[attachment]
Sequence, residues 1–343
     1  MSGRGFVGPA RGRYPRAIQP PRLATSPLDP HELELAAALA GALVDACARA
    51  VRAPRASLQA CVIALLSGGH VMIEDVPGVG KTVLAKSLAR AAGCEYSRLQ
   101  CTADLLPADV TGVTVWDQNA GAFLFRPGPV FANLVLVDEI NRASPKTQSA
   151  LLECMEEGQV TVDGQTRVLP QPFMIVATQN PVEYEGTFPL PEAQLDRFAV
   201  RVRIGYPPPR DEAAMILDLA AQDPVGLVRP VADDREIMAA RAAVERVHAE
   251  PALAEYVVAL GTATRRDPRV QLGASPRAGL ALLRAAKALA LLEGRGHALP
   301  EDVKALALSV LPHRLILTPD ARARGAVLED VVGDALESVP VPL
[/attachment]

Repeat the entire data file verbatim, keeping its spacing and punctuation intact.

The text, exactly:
Sequence, residues 1–343
     1  MSGRGFVGPA RGRYPRAIQP PRLATSPLDP HELELAAALA GALVDACARA
    51  VRAPRASLQA CVIALLSGGH VMIEDVPGVG KTVLAKSLAR AAGCEYSRLQ
   101  CTADLLPADV TGVTVWDQNA GAFLFRPGPV FANLVLVDEI NRASPKTQSA
   151  LLECMEEGQV TVDGQTRVLP QPFMIVATQN PVEYEGTFPL PEAQLDRFAV
   201  RVRIGYPPPR DEAAMILDLA AQDPVGLVRP VADDREIMAA RAAVERVHAE
   251  PALAEYVVAL GTATRRDPRV QLGASPRAGL ALLRAAKALA LLEGRGHALP
   301  EDVKALALSV LPHRLILTPD ARARGAVLED VVGDALESVP VPL